By NewsDesk @infectiousdiseasenews
The Ministry of Health of the Government of La Rioja in northern Spain have reported four patients hospitalized with the bacterial infection, Q fever, according to a Moncloa report (computer translated).
The four people admitted would have been infected by contact with infected animals during their stay in the Cameros area of La Rioja.
Q fever is caused by the obligate intracellular pathogen, Coxiella burnetii. The disease is usually transmitted to people through either infected milk or through aerosols.
This disease is found on most continents with the reported incidence probably much lower than the actual because so many cases are so mild.
Animal reservoirs of C. burnetii include sheep, cattle, goats, dogs and cats. In areas where these animals are present, Q fever affects veterinarians, meatpacking workers, and farmers.
Q fever is also considered a potential agent of bioterrorism.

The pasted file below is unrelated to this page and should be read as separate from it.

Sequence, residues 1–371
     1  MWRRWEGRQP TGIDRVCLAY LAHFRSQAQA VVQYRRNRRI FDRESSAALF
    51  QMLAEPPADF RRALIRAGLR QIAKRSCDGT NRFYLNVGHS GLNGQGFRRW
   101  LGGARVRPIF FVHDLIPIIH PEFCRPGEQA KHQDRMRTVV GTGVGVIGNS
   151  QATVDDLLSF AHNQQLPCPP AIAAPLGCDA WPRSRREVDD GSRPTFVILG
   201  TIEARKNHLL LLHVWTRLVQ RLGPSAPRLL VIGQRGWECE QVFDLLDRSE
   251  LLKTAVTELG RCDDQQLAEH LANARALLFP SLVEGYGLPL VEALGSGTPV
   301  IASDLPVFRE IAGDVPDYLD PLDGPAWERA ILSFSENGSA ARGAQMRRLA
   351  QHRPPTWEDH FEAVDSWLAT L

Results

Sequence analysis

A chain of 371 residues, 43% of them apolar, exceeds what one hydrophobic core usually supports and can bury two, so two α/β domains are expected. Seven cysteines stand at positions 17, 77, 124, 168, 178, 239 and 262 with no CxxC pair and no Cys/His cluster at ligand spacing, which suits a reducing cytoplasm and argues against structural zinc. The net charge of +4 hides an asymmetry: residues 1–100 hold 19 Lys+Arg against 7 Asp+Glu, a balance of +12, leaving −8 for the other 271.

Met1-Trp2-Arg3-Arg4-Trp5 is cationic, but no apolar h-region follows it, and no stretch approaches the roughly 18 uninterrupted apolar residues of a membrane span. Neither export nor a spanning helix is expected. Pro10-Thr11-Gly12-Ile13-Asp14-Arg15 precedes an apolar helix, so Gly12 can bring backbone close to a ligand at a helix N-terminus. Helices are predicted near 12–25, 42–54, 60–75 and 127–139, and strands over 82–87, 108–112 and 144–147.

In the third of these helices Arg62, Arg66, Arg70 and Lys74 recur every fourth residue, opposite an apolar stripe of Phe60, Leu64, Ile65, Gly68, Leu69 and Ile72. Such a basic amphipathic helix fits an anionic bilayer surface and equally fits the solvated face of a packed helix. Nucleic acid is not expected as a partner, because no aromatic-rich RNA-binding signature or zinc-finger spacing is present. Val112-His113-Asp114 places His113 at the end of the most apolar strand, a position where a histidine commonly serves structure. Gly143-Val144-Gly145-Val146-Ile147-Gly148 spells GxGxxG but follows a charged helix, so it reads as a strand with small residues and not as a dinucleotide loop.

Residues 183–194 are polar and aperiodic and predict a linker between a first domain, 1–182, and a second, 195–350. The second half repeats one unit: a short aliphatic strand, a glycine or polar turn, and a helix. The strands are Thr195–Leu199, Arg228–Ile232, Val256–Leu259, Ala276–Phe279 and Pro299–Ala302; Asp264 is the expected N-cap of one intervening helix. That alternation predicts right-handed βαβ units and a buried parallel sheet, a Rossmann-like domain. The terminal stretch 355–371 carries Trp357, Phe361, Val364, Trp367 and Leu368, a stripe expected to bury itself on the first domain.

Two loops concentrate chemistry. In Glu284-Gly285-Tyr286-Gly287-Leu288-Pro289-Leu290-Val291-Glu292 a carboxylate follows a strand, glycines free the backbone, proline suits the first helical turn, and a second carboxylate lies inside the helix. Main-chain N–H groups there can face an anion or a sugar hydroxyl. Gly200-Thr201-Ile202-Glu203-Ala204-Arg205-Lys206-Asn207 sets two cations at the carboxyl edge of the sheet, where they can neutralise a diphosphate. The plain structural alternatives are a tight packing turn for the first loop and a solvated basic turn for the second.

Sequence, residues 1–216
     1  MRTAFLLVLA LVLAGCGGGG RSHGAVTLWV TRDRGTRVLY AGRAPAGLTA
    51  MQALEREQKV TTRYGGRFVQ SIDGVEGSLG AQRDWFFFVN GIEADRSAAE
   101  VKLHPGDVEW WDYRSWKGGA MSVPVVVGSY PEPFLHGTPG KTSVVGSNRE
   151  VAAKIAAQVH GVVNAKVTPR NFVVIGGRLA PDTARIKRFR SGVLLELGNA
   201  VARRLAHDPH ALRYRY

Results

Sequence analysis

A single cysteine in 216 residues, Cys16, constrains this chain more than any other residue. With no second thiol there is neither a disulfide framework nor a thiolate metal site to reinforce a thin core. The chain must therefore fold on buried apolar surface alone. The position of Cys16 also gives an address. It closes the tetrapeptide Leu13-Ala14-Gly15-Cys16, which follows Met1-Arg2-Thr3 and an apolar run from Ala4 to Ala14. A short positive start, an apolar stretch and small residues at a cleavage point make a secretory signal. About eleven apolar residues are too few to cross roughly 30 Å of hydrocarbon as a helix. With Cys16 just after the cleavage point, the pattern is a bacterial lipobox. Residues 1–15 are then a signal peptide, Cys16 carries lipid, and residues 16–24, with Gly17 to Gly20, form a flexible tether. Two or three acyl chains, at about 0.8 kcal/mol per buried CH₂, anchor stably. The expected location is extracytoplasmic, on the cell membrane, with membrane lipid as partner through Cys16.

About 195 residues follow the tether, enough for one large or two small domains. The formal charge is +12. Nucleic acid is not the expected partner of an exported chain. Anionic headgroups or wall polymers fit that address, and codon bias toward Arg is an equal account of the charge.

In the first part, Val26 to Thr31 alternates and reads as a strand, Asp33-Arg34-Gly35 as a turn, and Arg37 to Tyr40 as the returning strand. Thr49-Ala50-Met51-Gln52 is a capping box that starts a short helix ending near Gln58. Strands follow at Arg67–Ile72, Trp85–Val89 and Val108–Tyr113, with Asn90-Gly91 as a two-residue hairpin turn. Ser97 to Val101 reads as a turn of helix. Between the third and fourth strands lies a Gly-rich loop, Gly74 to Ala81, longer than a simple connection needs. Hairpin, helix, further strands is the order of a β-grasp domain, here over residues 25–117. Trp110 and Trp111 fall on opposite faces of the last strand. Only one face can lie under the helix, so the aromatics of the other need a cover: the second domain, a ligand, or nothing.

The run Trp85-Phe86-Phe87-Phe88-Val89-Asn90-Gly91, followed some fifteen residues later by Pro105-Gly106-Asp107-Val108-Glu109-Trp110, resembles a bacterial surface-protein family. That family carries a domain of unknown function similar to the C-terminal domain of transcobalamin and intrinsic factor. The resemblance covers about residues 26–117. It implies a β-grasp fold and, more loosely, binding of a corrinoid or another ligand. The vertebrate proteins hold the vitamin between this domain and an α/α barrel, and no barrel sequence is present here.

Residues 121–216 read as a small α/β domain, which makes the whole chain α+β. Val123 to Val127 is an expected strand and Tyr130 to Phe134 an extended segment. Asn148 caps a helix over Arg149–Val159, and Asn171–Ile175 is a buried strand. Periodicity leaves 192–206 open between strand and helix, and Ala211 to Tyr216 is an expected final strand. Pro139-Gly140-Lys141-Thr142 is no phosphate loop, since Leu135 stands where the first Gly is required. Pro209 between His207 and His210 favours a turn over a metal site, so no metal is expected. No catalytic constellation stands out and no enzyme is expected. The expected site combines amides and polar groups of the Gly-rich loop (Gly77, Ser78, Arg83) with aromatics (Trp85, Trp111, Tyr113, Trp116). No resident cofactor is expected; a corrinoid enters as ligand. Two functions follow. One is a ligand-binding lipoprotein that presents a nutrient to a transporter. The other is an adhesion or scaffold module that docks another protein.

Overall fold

The symptoms of Q fever according to the CDC are an unexplained febrile illness, sometimes accompanied bypneumonia and/or hepatitis is the most common clinical presentation. Illness onset typically occurs within 2–3 weeks after exposure.
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The mortality rate for acute Q fever is low (1–2%), and the majority of persons with mild illness recover spontaneously within a few weeks although antibiotic treatment will shorten the duration of illness and lessen the risk of complications. Chronic Q fever is uncommon (<1% of acutely infected patients) but may cause life-threatening heart valve disease (endocarditis).
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